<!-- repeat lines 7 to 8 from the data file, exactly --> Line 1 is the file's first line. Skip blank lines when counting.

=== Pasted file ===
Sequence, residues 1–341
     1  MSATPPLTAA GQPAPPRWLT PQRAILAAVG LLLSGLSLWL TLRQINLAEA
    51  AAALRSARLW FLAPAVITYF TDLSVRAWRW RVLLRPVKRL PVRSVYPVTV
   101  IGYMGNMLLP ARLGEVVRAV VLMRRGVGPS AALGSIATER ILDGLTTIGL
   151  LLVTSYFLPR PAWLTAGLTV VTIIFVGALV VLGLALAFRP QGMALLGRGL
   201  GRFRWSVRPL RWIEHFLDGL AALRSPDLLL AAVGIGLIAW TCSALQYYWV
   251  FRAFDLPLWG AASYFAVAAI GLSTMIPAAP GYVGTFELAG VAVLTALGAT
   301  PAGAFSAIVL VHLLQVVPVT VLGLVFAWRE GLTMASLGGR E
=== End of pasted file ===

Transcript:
   251  FRAFDLPLWG AASYFAVAAI GLSTMIPAAP GYVGTFELAG VAVLTALGAT
   301  PAGAFSAIVL VHLLQVVPVT VLGLVFAWRE GLTMASLGGR E